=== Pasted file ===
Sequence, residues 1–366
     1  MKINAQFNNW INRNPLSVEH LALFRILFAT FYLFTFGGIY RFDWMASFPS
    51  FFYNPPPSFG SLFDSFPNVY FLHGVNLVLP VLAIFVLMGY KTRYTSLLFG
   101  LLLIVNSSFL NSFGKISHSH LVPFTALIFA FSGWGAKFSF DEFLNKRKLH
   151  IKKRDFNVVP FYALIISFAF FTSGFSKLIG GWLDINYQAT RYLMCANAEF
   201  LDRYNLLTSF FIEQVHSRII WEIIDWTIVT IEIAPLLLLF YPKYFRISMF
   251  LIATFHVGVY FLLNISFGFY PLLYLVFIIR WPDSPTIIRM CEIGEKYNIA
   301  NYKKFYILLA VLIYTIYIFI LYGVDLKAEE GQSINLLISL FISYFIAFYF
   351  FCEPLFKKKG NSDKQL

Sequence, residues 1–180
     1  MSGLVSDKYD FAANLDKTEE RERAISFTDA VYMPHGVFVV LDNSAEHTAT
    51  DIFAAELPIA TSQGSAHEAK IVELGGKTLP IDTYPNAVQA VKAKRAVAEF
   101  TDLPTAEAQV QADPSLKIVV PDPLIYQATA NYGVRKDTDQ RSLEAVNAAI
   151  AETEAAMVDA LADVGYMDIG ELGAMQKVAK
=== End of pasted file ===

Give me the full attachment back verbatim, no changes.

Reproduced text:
Sequence, residues 1–366
     1  MKINAQFNNW INRNPLSVEH LALFRILFAT FYLFTFGGIY RFDWMASFPS
    51  FFYNPPPSFG SLFDSFPNVY FLHGVNLVLP VLAIFVLMGY KTRYTSLLFG
   101  LLLIVNSSFL NSFGKISHSH LVPFTALIFA FSGWGAKFSF DEFLNKRKLH
   151  IKKRDFNVVP FYALIISFAF FTSGFSKLIG GWLDINYQAT RYLMCANAEF
   201  LDRYNLLTSF FIEQVHSRII WEIIDWTIVT IEIAPLLLLF YPKYFRISMF
   251  LIATFHVGVY FLLNISFGFY PLLYLVFIIR WPDSPTIIRM CEIGEKYNIA
   301  NYKKFYILLA VLIYTIYIFI LYGVDLKAEE GQSINLLISL FISYFIAFYF
   351  FCEPLFKKKG NSDKQL

Sequence, residues 1–180
     1  MSGLVSDKYD FAANLDKTEE RERAISFTDA VYMPHGVFVV LDNSAEHTAT
    51  DIFAAELPIA TSQGSAHEAK IVELGGKTLP IDTYPNAVQA VKAKRAVAEF
   101  TDLPTAEAQV QADPSLKIVV PDPLIYQATA NYGVRKDTDQ RSLEAVNAAI
   151  AETEAAMVDA LADVGYMDIG ELGAMQKVAK